• Automatic pill dispenser – has a clock timer and can be set to dispense only at certain times & it is locked

    • Reminder Apps – best if you keep your phone with you all the time and need a reminder

    • Pre-packaged meds from your pharmacy – can be customed packaged

    • Pre-packaged meds from online pharmacy – see each site for rules/regulations

Keep a Current Medications List

Medication List – Keep it current, update it after every change in medication

Get an Index card, you can use paper, but you will be mad when it gets wet and rips or tears.

This is the minimum information that you need,  Drug name and strength, How you take it? (times per day), Why you are taking it?, Prescriber name

Fold it up and keep it in your wallet.

Medication Managment Needs

Take your medications as prescribed. If you are having problems, contact your prescriber. Maybe your dose has not had time to work. Maybe you are underdosed? Maybe, you are overdosed? Talk with your doctor. Start Low and Go Slow is a good motto when beginning new medications. It may have to be increased to get to the maximum dose and maximum benefit. Take medications correctly. If you are using multiple mouth inhalers, you need to learn the proper order and the proper timing of each inhaler. 

Why are you taking this?

Know if you are taking a medication “off-label.” Off-label means that a medication has been prescribed for a use other than its intended use. For example, Seroquel® (quetiapine) or Risperdal® (risperidone). These two medications are intended to be used as antipsychotics. Most of the time they are used for behavioral problems or sleep.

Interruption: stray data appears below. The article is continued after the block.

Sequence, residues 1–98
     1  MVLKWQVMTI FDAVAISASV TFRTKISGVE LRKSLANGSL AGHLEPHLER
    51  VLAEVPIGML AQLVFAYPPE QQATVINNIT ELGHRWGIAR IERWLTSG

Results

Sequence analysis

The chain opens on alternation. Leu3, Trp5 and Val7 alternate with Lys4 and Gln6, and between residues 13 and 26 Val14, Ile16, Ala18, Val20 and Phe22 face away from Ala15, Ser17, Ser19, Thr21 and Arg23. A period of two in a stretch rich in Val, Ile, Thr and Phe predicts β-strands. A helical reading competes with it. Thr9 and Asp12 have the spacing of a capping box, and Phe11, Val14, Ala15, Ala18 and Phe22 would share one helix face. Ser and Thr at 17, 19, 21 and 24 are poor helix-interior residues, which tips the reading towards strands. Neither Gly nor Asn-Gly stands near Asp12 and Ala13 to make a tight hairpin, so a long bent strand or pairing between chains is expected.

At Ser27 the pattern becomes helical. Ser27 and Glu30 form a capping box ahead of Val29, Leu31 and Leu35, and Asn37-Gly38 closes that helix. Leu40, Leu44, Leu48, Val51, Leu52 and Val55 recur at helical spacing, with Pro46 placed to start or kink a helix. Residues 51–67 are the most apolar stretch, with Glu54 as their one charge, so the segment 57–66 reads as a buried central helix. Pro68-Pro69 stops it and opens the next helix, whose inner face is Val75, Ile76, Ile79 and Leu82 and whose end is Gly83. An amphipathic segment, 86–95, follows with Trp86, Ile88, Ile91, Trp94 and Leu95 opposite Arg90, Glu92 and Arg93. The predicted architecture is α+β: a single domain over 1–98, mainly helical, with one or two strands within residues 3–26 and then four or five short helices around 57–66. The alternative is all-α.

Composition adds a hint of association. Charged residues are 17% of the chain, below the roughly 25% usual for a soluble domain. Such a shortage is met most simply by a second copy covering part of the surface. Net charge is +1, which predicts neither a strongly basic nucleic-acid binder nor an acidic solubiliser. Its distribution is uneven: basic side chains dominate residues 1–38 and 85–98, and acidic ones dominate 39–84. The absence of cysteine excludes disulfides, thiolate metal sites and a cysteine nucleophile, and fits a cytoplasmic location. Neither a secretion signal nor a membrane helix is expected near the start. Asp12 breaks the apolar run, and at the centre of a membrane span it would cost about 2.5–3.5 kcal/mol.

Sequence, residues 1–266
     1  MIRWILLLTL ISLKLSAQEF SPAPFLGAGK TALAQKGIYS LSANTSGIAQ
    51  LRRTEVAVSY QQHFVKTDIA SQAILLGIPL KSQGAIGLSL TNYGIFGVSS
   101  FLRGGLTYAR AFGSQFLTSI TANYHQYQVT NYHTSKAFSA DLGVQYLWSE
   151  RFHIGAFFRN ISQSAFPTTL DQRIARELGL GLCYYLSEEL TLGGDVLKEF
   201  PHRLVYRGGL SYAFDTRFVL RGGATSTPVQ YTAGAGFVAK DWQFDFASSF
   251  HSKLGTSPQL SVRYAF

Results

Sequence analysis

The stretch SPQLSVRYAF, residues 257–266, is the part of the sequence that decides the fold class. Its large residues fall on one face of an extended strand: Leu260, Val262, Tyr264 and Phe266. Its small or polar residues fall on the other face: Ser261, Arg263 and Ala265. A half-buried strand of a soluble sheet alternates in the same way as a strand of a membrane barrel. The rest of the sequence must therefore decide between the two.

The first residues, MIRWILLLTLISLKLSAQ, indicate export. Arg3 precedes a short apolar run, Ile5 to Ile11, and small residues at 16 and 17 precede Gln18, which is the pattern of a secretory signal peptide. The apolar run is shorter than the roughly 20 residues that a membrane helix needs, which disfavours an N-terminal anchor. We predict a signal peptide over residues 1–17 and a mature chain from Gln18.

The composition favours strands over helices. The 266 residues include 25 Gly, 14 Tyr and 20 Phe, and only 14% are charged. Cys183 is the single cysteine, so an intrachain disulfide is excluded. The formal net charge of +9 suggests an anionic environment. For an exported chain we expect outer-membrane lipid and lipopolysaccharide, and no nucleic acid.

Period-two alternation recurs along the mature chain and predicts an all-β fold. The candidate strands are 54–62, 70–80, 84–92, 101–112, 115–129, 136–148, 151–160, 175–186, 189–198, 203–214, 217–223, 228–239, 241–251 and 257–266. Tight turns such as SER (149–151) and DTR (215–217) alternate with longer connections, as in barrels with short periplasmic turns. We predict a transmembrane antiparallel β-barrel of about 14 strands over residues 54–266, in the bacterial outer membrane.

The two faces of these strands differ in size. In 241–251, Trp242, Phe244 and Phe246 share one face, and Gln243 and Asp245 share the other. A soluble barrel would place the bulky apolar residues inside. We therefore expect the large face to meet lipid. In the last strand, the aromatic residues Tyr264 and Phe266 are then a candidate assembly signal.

Our bodies change

Changes in our bodies as we age also contribute to how we metabolize and excrete medications.. As we get older, what we took in our 40’s may be too much for us in our 50’s+.

**Note**  Any symptom in someone 60+ years and older should be considered a medication side effect until proven otherwise. **Note**

Determine your goals for treatment. Your personal goals. Your medication goals. What if we all treated our health like a work project? One we actually wanted to do. We could use the SMART goals.

Goal – A statement that describes in broad terms what you will learn from a particular treatment. It is a behavioral outcome statement.

Use SMART Goals